1 Department of Chemical and Biochemical Engineering, Technical University of Denmark2 Center for BioProcess Engineering, Department of Chemical and Biochemical Engineering, Technical University of Denmark3 Chalmers University of Technology4 University of Copenhagen
Biofuel production processes at high gravity are currently under development. Most of these processes however use sugars or first generation feedstocks as substrate. This paper presents the results of a life cycle assessment (LCA) of the production of bio-ethanol at high gravity conditions from a second generation feedstock, namely, wheat straw. The LCA used lab results of a set of 36 process configurations in which dry matter content, enzyme preparation and loading, and process strategy were varied. The LCA results show that higher dry matter content leads to a higher environmental impact of the ethanol production, but this can be compensated by reducing the impact of enzyme production and use, and by polyethylene glycol addition at high dry matter content. The results also show that the renewable and non-renewable energy use resulting from the different process configurations ultimately determine their environmental impact. (C) 2014 Elsevier Ltd. All rights reserved.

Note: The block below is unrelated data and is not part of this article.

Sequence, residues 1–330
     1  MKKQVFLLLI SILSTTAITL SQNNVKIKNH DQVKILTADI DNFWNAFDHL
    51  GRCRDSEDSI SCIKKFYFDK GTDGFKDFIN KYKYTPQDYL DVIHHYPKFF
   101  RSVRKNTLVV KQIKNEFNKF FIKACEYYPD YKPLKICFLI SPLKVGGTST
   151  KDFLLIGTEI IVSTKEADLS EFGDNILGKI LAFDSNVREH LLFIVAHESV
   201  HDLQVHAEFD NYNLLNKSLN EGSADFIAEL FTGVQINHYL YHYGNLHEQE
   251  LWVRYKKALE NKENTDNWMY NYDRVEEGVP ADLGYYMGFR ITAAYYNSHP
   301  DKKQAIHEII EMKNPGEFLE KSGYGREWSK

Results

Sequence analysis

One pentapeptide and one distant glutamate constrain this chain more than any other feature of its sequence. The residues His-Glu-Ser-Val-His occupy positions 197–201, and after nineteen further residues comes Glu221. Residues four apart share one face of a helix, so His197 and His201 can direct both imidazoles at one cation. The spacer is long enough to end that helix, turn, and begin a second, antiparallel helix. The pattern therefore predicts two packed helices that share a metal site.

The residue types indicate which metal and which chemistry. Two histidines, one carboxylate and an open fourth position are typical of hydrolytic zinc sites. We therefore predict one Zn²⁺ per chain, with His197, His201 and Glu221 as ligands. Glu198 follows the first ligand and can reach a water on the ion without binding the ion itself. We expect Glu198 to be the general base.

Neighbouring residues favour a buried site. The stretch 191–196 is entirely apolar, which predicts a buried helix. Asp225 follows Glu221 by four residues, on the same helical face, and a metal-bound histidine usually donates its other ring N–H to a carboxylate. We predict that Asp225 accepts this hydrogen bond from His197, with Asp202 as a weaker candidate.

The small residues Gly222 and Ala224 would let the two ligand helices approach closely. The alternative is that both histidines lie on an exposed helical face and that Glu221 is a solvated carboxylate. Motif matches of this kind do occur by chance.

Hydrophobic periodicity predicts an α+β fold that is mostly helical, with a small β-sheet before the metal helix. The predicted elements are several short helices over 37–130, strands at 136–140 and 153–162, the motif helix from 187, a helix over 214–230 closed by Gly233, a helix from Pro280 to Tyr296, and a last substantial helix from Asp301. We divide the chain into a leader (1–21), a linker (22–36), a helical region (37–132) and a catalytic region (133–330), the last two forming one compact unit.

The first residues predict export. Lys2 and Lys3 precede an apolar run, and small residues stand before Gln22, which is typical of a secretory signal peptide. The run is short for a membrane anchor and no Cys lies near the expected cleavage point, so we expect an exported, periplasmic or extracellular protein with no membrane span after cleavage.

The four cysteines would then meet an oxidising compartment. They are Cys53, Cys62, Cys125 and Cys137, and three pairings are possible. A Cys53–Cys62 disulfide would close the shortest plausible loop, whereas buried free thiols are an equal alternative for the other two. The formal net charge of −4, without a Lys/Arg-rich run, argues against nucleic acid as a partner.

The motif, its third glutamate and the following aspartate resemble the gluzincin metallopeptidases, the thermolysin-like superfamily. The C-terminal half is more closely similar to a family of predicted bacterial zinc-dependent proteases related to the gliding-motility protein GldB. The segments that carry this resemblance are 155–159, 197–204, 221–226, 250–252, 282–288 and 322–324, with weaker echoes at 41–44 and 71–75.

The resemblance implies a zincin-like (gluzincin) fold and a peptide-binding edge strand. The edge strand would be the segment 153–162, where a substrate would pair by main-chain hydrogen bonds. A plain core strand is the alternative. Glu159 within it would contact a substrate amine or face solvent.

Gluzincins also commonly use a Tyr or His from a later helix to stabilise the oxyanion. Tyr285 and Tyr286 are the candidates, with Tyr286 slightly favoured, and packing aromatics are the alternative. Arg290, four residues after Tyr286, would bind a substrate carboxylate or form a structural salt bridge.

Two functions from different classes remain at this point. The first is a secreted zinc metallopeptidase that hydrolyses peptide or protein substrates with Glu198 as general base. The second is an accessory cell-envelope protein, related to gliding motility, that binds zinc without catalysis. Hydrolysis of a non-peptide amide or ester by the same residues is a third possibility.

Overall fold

Bioresource Technology, 2014, Vol 173, p. 148-158
High gravity hydrolysis and fermentation; Wheat straw; Life cycle assessment; Energy analysis; dry matter content; environmental impact; enzyme preparation; gravity process condition; Monocotyledones Angiospermae Spermatophyta Plantae (Angiosperms, Monocots, Plants, Spermatophytes, Vascular Plants) - Gramineae  wheat common; ethanol 64-17-5 synthesis; polyethylene glycol 25322-68-3; 10060, Biochemistry studies - General; 37015, Public health - Air, water and soil pollution; 39008, Food microbiology - General and miscellaneous; 54512, Phytopathology - Nonparasitic diseases; Bioprocess Engineering; Pollution Assessment Control and Management; AGRICULTURAL; BIOTECHNOLOGY; ENERGY; LIFE-CYCLE ASSESSMENT; LIGNOCELLULOSIC ETHANOL; BIOETHANOL PRODUCTION; CHALLENGES; ASSESSMENTS; BIOMASS; SWEDEN